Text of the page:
Talia Barrales migrated from Guadalajara, Mexico, where she was born, to the United States with her family when she was three years old. At six, she started the long, complicated and expensive process toward citizenship — becoming a U.S. national 12 years later at age 18. Frustrated with the country’s thorny immigration system, as well as the local notaries who take advantage of foreigners, she has dedicated her adult years to fighting for immigrants and women, opening Barrales Law — an all-Latina-attorney law firm — in Boston.
“I remember sitting in an immigration office at 5 a.m. with my mom and seeing all of these people in suits skipping the line that we were waiting in, and I asked my mom, ‘how come those people get to skip the line?’ She told me they were lawyers, and at that moment I told my mom, ‘I am going to be a lawyer,’” Barrales told FIERCE.
She kept her word. Barrales, 33, completed her undergraduate degree in communications at California State University and went on to study law at Massachusetts School of Law. In 2013, she opened Barrales Law, a firm focusing on immigration that has since expanded to offer legal help and representation for family, personal injury and workers’ compensation in Massachusetts.
For Barrales, opening a private firm was one way she felt she could give back to her community.
(Courtesy of Talia Barrales | Andrea Coral, Talia Barrales and Alba Contreras)
“If not me, then who,” she asked. “I felt like I couldn’t work for anyone else because the legal field is dominated by white men, and I just grew up so angry with the immigration system that I knew I had to run my firm the way I wanted to.”
While representing clients in all aspects of immigration law, most of the firm’s cases deal with asylum, particularly among women and children, many of them survivors of domestic violence, gang violence or political prosecution.
Having gone through the immigration process herself, Barrales knows how costly legal fees can be, especially for communities that experience high rates of poverty, wage theft and exploitation. As such, she offers flexible payment plans for her clients, and nearly 10 percent of her cases are pro-bono. Even more, a portion of the firm’s earnings go back to the people it serves, whether through cost-free English classes or immigration reform advocacy.
Throughout Boston, the firm is recognized for its commitment, compassion, hard work and advocacy. While her all-immigrant female team of lawyers wasn’t intentional, Barrales believes it’s what drives everyone in her office to give all of their effort on every case.
(Courtesy of Talia Barrales | Alba Contreras, Talia Barrales and Andrea Coral)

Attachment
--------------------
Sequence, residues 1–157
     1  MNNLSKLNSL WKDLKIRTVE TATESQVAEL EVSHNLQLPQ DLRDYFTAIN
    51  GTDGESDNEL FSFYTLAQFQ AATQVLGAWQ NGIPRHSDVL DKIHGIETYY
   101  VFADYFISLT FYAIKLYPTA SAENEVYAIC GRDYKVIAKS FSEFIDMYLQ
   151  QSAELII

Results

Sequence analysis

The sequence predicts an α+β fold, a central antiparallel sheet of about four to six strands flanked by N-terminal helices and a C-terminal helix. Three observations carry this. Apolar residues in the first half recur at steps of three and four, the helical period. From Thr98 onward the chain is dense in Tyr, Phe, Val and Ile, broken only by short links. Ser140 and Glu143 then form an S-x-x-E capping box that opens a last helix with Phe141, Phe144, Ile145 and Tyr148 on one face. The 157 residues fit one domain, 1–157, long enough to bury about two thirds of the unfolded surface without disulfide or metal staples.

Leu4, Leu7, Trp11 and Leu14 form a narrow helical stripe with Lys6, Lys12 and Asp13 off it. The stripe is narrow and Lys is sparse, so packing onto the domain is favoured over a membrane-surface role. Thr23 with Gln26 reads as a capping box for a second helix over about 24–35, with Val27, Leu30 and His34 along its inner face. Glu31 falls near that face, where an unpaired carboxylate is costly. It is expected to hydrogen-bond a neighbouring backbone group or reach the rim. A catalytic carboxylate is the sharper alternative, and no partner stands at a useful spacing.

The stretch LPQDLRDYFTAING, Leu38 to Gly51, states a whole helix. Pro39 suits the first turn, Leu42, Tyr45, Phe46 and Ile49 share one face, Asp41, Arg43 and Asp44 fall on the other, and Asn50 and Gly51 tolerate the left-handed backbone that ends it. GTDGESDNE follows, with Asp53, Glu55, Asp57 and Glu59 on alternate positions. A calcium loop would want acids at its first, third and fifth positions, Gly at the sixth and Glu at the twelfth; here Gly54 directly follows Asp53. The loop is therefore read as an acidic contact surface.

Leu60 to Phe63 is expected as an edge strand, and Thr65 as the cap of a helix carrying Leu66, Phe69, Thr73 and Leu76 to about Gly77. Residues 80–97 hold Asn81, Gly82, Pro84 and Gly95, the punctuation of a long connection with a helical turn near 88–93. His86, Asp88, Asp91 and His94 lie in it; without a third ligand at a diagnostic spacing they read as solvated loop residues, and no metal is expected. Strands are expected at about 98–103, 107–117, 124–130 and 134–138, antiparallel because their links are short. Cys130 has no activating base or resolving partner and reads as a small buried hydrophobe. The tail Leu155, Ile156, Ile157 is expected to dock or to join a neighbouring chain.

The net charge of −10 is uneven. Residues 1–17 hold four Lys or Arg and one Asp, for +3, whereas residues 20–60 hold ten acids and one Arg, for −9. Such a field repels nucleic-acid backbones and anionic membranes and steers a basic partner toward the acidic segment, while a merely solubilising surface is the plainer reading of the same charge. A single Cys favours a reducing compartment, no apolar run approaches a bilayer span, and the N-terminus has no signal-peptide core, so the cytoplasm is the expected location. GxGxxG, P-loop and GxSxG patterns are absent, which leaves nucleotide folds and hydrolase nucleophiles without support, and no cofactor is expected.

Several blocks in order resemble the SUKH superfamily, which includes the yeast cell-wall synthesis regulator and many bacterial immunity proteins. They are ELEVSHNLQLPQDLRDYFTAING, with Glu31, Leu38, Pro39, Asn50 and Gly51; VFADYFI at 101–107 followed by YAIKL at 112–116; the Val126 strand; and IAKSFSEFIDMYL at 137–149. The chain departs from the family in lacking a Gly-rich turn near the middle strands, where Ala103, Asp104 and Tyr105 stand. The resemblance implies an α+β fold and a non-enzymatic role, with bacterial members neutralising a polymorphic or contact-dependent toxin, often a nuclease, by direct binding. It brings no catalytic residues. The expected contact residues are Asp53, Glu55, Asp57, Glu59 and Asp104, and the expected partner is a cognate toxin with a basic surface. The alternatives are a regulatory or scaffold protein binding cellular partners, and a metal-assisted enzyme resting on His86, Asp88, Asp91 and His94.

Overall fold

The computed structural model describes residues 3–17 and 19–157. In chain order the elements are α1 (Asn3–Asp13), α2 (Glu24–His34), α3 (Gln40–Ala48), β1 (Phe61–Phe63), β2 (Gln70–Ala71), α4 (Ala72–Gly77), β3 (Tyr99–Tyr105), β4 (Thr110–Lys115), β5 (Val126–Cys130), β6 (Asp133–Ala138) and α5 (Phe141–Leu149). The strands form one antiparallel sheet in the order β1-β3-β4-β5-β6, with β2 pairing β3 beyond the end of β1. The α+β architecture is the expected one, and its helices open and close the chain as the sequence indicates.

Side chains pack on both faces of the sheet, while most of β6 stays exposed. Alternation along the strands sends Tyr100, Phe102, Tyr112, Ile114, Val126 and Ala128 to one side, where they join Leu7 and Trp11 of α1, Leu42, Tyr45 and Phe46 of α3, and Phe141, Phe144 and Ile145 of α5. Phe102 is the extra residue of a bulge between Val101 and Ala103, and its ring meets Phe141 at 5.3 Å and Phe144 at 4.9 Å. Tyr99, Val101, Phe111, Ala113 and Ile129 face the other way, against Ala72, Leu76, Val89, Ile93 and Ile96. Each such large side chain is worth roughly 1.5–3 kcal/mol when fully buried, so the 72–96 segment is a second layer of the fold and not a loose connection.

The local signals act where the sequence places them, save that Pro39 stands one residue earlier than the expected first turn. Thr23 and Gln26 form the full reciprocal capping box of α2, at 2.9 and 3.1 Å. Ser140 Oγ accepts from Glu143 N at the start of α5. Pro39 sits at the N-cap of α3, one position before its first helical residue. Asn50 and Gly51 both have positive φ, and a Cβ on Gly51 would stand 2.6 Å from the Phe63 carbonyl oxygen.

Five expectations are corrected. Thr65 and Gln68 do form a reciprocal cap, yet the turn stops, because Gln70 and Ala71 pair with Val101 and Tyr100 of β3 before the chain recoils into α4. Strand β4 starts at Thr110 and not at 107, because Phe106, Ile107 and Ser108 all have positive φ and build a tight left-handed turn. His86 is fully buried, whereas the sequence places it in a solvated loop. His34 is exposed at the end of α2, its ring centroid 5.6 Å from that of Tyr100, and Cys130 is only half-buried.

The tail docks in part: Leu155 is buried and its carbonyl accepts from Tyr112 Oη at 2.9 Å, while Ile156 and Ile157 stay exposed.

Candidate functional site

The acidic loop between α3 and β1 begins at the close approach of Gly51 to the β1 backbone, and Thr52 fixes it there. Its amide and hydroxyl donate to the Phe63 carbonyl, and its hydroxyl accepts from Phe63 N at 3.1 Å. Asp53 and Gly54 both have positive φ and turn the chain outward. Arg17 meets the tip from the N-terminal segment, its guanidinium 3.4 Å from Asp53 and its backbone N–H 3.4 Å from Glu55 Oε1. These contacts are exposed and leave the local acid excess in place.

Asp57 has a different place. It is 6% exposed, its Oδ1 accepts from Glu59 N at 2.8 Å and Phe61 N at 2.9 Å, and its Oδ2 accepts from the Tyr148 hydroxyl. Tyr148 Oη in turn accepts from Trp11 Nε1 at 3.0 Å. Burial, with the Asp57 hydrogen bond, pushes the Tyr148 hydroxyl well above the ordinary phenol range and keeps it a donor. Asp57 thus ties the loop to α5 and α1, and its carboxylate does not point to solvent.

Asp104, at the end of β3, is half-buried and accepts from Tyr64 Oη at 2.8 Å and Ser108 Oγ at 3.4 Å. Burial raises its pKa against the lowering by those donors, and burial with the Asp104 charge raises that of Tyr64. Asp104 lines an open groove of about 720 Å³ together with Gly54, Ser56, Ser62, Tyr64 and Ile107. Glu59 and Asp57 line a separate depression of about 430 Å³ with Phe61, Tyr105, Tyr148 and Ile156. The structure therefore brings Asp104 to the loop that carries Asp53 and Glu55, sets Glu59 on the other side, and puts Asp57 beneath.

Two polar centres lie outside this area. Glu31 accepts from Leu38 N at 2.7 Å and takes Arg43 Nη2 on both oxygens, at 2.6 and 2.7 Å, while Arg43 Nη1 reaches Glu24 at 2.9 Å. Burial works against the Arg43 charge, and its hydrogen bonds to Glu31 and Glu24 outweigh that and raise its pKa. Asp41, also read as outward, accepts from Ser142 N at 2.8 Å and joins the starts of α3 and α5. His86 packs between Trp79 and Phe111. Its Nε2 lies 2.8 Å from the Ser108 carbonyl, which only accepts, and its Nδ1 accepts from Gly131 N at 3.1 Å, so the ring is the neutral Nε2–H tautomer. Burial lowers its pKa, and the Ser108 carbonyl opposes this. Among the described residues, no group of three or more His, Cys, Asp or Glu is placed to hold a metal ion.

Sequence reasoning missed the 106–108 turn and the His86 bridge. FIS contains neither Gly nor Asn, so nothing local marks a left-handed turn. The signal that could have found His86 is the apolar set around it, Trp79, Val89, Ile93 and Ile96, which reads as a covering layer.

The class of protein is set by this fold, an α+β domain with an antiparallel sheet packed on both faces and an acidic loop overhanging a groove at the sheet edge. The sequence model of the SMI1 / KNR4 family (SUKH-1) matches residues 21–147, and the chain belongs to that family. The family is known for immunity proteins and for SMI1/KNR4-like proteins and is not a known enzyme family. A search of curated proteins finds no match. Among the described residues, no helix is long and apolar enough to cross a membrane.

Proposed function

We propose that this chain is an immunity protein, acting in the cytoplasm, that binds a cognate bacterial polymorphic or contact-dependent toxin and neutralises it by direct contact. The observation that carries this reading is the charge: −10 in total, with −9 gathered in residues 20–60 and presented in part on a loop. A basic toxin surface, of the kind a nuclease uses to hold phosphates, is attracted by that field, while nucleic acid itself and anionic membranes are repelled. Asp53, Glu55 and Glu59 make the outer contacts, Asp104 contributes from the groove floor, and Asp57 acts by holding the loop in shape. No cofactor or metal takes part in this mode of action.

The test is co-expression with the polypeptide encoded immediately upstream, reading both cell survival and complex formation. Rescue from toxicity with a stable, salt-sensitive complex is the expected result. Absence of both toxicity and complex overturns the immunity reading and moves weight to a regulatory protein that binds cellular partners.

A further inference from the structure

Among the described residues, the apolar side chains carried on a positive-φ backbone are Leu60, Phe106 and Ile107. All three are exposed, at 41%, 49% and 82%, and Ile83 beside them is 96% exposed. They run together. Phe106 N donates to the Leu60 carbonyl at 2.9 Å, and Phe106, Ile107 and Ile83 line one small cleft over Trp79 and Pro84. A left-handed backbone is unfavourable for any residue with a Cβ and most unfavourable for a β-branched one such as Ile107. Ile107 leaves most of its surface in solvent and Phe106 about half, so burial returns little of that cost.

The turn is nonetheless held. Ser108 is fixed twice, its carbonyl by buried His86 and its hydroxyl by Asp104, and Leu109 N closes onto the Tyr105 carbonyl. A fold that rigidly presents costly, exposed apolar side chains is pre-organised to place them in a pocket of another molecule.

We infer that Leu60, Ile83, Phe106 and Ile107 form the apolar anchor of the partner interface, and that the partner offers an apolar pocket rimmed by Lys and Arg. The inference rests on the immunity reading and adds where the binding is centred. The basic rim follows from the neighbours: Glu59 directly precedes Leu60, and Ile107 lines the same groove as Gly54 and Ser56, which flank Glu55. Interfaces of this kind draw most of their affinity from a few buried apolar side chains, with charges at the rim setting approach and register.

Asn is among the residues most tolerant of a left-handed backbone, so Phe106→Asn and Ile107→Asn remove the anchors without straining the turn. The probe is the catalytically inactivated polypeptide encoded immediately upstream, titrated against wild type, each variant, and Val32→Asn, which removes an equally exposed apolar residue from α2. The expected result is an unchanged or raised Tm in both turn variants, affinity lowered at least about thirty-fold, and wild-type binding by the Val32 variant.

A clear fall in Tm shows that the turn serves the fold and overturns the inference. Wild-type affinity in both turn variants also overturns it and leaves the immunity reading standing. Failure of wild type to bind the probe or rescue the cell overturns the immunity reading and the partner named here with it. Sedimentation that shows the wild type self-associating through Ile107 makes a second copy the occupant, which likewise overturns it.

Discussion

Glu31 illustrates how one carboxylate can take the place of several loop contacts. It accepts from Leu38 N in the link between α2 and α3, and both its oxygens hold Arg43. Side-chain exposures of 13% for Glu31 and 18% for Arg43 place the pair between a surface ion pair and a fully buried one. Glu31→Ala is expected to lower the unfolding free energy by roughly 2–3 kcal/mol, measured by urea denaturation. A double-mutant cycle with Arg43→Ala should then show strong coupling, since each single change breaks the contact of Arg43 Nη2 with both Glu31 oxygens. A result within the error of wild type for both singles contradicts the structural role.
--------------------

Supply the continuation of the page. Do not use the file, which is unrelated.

Office life at Barrales Law is unlike many other firms. Here, there’s no rivaling between colleagues. Instead, there’s supportive conversations about how the women can grow in the firm as well as in their personal lives.
“I used to work in a predominantly white, male law firm, and there was always an underlying tension, almost like a competitiveness,” Andrea Coral, a Colombian-born attorney who joined the firm in 2017, said. “I don’t feel that here at all. When someone comes into the office and says they won an asylum, we all celebrate that victory, because it’s a collective effort that we all made as opposed to the urgency to win more than the person next to you.”
With Latinas making up just 2 percent of all U.S. lawyers, Barrales is creating a space where immigrant women of color don’t feel alone in their fight for justice. She is also working to see that tiny percentage increase. She uses her firm to establish a pipeline to inspire more women to enter law, from encouraging children of clients to practice, offering internships for undergraduate and graduate students and paying for her paralegals’ LSAT prep courses and law school applications.
“[Latinas] being in these spaces is so important, not only to our clients but to society, to change the narrative and perspective of what people think immigrants are,” Barrales said.
(Courtesy of Talia Barrales | Anny Asuncion, Elizabeth Bautista, Andrea Coral, Talia Barrales, Alba Contreras, Doris Lemus, Leidy Loaiza and Noelle Rudeen)
It’s evermore critical considering the anti-immigrant policies and rhetoric coming out of Washington under the Trump administration.
On the night that Donald Trump was elected president, Barrales remembered being a child and staying up late wondering what her family would do if California’s Proposition 187, legislation that would have prevented immigrants from receiving health care and public schooling, passed.
“I remember seeing the law signs that said ‘Vote Yes on 187,’ and when I got to school my white teacher would make me practice my English accent so I could stay in school if it did pass,” Barrales said.
The days following the 2016 presidential election, the phones in the office rang in panic from former and present clients who feared about their immigration cases.
“When my clients tell me that their kids are constantly texting them ‘are you OK? Are you still here,’ I remember that night, and it’s not anything a child should be thinking about,” Barrales said.
That’s why Barrales Law, a firm that pledges to advocate for its clients every step of the way, aspires to be the “immigration firm for immigrants.”
“We do this because we are trying to serve our community. We want to make sure we have all-around legal services for our people,” she said.